I guess the adage if you build it, they will come, is true, or at the very least when building insect hotels, the saying suggests some level of accuracy. For February’s Wildlife Wednesday, I wrote about our building and placing of two insect/bee hotels in the garden. While building these things isn’t necessary to provide homes and nesting spots for bees and other insects, they are fun, quirky additions to a garden and they lend some architectural gravitas to a wildlife habitat.
So far, the houses/hotels have been a big hit with some of the native bees!
Specifically, one set of native bee species, the
Blueberry bee, Osmia ribifloris, has really taken a shine to the new housing available in the neighborhood. [Upon further reading, I believe that this bee is the Blue Orchard Bee, Osmia lignaria. Both of these bee species are categorized as mason bees and the USDA article (linked above) describes the early spring behavior that exactly matches the behavior of “my” little bees. Regardless, the bees are valuable and desirable pollinators to attract to the home garden. And, they’re really cute and interesting to observe.] I should add that the identification of this bee species is subject to update–if you recognize this beauty and I didn’t identify the bee correctly–please let me know. The O. ribifloris O. lignaria is a mason bee and judging from the holes in masonry of my back patio, I see why this species is categorized thus!
Additionally, these bees also build their nests in the screw holes of my two electric leaf blowers and an electric trimmer that I failed to store in the garage prior to the bees deciding that it’s time to raise up their families.
That’s what I mean when I suggest that insect hotels aren’t required–bees are quite opportunistic and imaginative when finding cozy spots for their progeny. Regardless, the bee hotels are charming and I’m tickled that the bees are using them for their nesting/nursery bed-n-breakfast hotels. Several O. ribifloris have busily laid eggs and safely tucked in those eggs and future larvae.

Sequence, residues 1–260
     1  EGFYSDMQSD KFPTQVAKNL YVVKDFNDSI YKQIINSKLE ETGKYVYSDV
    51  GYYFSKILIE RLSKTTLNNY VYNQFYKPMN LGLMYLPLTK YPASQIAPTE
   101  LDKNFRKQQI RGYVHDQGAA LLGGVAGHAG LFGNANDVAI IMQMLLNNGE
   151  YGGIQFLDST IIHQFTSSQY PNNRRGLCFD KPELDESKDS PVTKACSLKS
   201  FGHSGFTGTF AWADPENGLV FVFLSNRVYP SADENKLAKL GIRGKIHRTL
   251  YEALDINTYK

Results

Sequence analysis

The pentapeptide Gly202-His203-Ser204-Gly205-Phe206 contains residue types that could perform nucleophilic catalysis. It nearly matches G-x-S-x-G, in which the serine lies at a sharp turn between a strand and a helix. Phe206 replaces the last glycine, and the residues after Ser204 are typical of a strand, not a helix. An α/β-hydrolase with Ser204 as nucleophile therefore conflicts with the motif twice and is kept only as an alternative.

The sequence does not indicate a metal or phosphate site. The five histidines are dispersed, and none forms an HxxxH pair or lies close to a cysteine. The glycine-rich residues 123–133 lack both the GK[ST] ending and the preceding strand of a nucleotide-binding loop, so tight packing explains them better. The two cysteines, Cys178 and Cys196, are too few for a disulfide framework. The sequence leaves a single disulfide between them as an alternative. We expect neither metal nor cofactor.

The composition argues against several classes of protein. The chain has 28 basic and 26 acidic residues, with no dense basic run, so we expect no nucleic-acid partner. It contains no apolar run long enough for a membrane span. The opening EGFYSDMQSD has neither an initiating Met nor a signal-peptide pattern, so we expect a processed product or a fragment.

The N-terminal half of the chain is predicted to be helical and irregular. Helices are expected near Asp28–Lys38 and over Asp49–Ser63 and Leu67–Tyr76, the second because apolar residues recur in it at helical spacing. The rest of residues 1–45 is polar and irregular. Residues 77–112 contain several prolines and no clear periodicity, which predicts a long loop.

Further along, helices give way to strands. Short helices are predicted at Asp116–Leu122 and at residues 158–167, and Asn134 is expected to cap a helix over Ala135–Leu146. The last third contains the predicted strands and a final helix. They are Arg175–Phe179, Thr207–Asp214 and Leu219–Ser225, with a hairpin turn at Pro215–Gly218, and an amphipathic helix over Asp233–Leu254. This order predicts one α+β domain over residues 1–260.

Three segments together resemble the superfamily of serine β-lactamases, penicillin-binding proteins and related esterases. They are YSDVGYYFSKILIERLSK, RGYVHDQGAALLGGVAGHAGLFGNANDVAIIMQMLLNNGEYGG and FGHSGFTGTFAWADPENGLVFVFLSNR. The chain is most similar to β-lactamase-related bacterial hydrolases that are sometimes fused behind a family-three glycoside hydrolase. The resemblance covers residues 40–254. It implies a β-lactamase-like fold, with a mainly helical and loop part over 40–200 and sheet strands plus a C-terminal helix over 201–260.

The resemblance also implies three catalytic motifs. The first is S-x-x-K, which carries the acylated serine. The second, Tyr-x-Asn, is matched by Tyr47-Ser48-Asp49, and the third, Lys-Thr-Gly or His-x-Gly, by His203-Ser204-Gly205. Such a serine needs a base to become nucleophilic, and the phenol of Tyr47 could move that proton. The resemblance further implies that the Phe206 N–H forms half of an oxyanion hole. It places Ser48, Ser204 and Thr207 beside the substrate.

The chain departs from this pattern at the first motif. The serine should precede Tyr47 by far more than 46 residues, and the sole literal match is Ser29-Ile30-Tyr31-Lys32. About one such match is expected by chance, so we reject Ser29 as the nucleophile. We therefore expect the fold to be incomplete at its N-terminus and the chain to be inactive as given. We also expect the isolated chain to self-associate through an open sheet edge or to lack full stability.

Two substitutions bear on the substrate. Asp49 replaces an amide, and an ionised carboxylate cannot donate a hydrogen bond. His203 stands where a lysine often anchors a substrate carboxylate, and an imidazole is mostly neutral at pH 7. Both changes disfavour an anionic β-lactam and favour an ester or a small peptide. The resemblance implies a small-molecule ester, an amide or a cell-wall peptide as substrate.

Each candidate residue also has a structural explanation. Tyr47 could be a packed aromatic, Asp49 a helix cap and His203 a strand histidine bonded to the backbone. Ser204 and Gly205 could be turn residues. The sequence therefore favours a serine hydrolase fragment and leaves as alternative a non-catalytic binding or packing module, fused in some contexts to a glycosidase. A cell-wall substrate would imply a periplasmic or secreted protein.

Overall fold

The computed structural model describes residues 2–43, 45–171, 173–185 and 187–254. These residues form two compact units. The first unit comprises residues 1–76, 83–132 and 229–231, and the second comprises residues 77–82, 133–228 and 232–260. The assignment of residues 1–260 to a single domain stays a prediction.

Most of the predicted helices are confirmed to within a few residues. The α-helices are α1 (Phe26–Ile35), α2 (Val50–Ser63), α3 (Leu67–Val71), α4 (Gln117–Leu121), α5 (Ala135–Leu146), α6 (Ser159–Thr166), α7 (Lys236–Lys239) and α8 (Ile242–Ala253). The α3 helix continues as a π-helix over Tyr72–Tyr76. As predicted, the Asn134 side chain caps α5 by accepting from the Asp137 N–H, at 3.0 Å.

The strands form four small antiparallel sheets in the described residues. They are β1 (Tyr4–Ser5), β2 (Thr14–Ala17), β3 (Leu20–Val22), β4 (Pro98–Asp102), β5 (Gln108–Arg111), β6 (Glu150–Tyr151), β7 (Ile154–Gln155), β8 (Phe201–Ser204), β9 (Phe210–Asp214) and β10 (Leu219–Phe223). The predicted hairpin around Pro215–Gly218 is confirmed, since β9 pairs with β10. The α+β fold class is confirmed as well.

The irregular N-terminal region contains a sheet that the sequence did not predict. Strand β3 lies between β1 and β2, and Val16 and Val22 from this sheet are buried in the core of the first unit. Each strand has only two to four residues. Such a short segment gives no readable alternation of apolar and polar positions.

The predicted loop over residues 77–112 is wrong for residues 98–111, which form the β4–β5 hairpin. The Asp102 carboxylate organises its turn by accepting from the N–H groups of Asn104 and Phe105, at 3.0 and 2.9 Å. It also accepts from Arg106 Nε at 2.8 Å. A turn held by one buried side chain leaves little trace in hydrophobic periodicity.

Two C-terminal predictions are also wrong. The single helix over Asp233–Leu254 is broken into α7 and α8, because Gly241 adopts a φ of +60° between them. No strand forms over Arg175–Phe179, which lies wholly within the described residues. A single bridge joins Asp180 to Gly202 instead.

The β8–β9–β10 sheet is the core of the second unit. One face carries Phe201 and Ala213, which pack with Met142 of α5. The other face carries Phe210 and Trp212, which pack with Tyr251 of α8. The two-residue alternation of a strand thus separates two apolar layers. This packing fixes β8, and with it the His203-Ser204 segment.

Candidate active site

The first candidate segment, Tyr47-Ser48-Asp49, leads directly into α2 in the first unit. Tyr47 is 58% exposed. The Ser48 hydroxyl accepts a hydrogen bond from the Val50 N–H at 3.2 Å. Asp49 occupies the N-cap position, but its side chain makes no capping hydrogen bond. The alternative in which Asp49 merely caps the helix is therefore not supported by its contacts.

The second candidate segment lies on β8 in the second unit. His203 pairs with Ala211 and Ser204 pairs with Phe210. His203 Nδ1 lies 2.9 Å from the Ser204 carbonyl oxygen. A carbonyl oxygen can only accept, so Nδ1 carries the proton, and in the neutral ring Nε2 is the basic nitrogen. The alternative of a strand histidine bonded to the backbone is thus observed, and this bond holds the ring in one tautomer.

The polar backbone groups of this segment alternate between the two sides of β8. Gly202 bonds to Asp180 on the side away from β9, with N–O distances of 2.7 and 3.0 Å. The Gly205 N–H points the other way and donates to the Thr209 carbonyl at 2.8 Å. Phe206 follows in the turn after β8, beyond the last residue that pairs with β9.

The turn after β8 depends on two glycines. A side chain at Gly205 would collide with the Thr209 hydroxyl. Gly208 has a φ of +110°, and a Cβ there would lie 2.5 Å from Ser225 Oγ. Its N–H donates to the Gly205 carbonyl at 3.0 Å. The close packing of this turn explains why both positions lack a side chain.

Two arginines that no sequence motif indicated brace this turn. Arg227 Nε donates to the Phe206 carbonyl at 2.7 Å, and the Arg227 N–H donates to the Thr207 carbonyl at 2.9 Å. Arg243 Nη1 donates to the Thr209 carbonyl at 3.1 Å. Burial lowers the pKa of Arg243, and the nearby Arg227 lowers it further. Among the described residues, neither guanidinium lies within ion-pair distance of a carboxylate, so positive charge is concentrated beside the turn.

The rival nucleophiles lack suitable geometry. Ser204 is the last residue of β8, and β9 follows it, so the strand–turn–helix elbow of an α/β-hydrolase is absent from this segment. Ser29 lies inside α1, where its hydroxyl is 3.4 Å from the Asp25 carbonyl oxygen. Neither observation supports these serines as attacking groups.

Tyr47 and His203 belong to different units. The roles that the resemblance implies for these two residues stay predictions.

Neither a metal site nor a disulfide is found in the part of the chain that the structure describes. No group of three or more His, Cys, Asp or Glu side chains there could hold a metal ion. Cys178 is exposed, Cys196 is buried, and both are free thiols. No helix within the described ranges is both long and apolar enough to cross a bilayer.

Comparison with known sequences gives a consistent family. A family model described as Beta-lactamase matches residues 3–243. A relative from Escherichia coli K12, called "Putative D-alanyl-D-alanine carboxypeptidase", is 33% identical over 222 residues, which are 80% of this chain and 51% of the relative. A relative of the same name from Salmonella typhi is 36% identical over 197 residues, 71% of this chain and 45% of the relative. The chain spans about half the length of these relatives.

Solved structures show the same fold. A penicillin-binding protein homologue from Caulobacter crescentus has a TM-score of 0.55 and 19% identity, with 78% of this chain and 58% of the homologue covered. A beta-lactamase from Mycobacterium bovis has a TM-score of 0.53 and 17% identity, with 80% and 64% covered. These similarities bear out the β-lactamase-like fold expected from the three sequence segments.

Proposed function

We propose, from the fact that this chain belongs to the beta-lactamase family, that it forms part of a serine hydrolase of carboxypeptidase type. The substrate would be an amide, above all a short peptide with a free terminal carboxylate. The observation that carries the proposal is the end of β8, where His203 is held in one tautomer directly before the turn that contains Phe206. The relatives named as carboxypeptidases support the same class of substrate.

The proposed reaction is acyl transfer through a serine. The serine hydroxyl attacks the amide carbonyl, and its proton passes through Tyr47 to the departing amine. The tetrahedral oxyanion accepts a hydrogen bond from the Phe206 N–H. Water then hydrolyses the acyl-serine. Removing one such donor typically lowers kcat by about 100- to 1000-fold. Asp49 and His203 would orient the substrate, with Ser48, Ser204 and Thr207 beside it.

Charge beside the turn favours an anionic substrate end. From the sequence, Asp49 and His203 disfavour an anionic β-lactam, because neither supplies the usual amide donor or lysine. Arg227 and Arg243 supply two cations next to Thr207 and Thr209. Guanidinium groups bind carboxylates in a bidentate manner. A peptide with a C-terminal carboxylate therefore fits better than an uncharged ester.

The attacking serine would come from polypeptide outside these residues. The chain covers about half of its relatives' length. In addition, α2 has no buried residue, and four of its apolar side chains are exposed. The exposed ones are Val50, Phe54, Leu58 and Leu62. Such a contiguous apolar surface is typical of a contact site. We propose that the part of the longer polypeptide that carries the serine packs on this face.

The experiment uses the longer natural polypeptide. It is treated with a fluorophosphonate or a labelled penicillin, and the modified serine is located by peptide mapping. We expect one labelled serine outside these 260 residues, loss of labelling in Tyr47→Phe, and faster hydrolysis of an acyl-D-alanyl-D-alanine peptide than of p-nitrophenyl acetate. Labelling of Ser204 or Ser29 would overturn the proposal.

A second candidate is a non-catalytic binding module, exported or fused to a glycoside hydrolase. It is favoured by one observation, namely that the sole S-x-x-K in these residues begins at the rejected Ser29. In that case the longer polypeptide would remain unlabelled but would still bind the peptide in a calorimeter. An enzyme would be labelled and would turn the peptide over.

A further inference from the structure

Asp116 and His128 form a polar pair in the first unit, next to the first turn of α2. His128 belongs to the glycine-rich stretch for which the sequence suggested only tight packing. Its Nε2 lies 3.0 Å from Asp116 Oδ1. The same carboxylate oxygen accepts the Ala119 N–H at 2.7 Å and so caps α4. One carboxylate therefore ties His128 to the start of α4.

Fascinating to observe, it takes an individual bee a couple of hours to pack the hole with pollen and soil. In my attempts to photograph the bee action, I stood for periods of time, camera at the ready, watching one, or more, bees at work. Each bee flies into her chosen hole and disappears for upwards of 5 or 6 minutes. Then each zooms out and off again, disappearing for 5-10 minutes while foraging for more nest-building stuff before returning to the hole. The process repeats until the holes are filled almost to the rim.
As the hole fills up with packing material, the bee is visible at the mouth of the hole, working and wiggling her bee magic so the bee babies are well-nurtured as they develop.
What native bees use as “packing material” varies, but it usually includes pollen (often from specific plants), soil/mud, and sometimes leaf material. Ever had perfect little holes taken out of rose leaves? There’s no doubt that was the work of some leafcutter bee variety as she was building her nest.
Since taking these photos, other holes have been filled, but really, how many pollen filled-hole photos do you want to see?
My original plan for the insect hotel was to stack them, one on top of the other in a shady corner of my garden.
But after the squirrels (I always blame garden mischief on the squirrels) knocked them over–several times–it became obvious that a plan B was in order. I hung the smaller of the two on a pillar of the back patio,
…and affixed the larger of the two on the fence. Because the fence-placed bee house wasn’t getting any bee action, and was difficult to get close-up photos of without tromping all over plants and soil, and was soaked during heavy rain, I’ve recently moved it closer to the back patio and in a more protected area.
This is also a spot where I can more easily observe the comings and goings of bees without crushing emerging, or emerged, plants–or tripping over rocks. So far, for whatever unknown reason, I still haven’t seen any bees nesting in that house.
Oddly enough and for now, these O. ribifloris are the only species choosing to nest in the insect hotels, but I don’t think I’ve seen them working any of the many blooms that are currently available in the garden. Perhaps I’m not out in bee-watching mode at the time they’re working flowers, but it is curious that they aren’t bees I typically see in my garden. I haven’t followed any back into the garden while observing their nest-building because I’ve been too focused (more like too distracted) on checking photos I’ve taken of their work in and on the nests. Not following one of these intrepid bees was probably a missed opportunity.
Nonetheless, I’m pleased that native bees of several sorts are plentiful in the garden this spring, busy at their flowering work.
For more information about native bees and how you can make your garden appealing to them, check out this link from the Xerces Society.